There’s even, as Smallwood explained, “some things Mama didn’t tell me,” featured in his book.

“I found out about seven years ago that I wasn’t an only child like I thought I was, and I had two brothers.”

Not only has Smallwood’s more than 70 years on earth been interesting, as a history lover who’s been involved in the struggle for Civil Rights, the artist has seen the important role music plays in culture and making a change.

“I’m still heartbroken that we lost Congressman Lewis, someone who was just a champion for justice, for the vote, and we’re still fighting for the vote today… I remember him saying that if it wasn’t for the music, that they would’ve never had the power and the strength to go through some of the things that they went through in the 50s and 60s, because it’s something about music that brings hope to whatever you’re fighting for.  It brings hope to it, it brings a sense of, there is possibility, we can make this…So I think music is very important,” he said.  “Historically, music got the Negro slaves through slavery.  What else did? Other than God and music, that was it.  Those songs ‘Steal Away to Jesus,’ and ‘Deep River,’ and all those songs gave them hope that there was a better time coming.  Even if they didn’t live to see it, at some point, if their children see it, or their grandchildren see it, there was a better time coming.  So I think that music gives us that hope and that fortitude to keep fighting on.  So just like it did then, through the history of the music, it still gives us that thing that we can hold onto and singing together seems to bring a bond together,” the musician and newly revealed historian explained. 

“And I’ve seen music change folk.  The author of ‘Amazing Grace,’ was a slave holder.  He sold slaves!.. He heard the melody on some of the ships- because we’ve (Black people) always been musical, and he heard the melody and God touched him and put that on his heart.  So I mean God can use anybody and he’s still the same God.  So music is what keeps us going. If we didn’t have music, I don’t know. where we’d be.”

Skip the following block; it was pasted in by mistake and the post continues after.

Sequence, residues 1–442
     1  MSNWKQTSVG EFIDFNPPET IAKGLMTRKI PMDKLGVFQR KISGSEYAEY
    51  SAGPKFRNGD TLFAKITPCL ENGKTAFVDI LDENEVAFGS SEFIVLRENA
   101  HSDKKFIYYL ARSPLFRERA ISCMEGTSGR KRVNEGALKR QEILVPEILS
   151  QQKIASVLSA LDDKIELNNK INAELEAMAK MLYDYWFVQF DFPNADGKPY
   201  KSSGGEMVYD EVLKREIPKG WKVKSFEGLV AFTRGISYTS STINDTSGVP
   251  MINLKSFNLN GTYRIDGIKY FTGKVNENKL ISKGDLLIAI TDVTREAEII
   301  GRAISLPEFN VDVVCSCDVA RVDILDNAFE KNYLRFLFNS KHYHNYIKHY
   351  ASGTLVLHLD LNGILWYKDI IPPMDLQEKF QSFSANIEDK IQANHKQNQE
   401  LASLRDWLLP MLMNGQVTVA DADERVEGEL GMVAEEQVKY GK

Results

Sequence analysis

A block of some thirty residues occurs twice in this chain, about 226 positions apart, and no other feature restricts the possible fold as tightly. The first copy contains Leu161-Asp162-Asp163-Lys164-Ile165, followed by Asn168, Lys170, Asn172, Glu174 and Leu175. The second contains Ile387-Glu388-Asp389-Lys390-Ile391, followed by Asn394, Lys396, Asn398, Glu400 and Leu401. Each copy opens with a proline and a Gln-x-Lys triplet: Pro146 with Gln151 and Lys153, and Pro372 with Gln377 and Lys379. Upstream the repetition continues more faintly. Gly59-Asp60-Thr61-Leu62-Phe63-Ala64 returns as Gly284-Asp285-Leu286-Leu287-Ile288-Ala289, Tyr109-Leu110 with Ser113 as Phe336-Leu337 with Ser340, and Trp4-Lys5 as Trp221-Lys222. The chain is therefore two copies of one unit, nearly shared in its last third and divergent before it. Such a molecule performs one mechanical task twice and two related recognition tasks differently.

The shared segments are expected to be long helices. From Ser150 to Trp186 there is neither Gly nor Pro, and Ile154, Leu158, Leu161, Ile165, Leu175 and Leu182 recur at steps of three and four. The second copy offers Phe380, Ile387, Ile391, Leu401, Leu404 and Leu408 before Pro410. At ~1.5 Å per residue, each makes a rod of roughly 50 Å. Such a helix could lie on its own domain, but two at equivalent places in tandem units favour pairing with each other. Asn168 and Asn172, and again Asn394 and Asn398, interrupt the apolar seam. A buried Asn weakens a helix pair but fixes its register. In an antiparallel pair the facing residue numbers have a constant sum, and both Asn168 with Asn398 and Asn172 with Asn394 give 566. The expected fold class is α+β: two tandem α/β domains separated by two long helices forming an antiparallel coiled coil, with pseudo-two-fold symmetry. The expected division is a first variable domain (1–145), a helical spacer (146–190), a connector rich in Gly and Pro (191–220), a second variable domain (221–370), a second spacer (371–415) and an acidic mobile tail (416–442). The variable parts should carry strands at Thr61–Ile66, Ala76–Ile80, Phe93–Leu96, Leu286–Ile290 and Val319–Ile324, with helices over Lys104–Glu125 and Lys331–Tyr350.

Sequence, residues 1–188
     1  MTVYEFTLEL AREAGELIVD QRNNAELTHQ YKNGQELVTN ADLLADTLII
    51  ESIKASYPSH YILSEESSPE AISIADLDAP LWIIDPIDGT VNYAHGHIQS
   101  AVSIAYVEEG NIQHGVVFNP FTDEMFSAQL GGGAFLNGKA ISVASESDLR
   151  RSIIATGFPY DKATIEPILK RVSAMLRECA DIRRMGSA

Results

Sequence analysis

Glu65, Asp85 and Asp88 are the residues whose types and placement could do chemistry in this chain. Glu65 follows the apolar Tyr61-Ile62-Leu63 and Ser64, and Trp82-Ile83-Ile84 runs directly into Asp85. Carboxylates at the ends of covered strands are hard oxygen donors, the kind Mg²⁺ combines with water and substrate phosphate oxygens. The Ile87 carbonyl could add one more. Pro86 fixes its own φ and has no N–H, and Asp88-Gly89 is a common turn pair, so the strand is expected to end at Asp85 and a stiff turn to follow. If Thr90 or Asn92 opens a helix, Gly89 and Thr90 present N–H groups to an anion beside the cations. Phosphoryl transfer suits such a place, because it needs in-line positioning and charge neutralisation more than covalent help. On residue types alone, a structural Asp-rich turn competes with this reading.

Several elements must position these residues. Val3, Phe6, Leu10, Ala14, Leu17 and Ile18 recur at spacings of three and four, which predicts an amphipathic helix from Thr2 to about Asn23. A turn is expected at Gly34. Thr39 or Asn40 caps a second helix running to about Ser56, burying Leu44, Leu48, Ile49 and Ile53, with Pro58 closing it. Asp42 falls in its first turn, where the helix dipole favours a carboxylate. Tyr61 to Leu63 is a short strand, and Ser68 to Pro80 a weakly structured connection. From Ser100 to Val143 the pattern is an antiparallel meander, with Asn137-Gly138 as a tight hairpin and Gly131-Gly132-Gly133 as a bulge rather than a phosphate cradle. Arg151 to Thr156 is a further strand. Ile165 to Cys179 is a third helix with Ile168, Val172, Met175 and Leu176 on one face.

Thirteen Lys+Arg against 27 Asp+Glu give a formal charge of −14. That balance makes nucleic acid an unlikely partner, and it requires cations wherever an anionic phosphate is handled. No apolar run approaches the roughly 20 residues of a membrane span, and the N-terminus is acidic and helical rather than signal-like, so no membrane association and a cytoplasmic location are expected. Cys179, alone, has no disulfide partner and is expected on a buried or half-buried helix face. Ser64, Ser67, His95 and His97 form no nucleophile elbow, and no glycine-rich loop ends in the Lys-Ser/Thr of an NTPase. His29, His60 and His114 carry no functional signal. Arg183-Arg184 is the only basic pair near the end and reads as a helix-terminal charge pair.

As a true living legend, Smallwood also offered advice for the next generation of musicians.

“We all stand on the shoulders of others…. You’re influenced by those who come before you, but you take that influence and add a little bit of clay to it, and a little bit of this to it, and a little bit of sparkle to it and make it your own thing and that’s how music continues to grow and evolve,” Smallwood said.  “Study your past… see how Black music has evolved, because you can’t go forward if you don’t know where the roots are.  Roots have everything to do with who we are.  So also study the history of our kind of music.  Our history is so rich, and the people who paved the way.  I can still listen to Duke Ellington and some of those people and hear something different,” he said.

Finally, Smallwood advised to keep tuning one’s instrument.

“Try to take some of what’s unique about yourself and try to evolve that. Take some lessons.  If you’re a voice person, take some voice lessons.  Learn how to still sing when you’re 60 or 65.  Learn how to sing correctly.  If you’re a pianist learn some theory, learn how the chords are constructed.”


Micha Green

AFRO Washington, D.C. Editor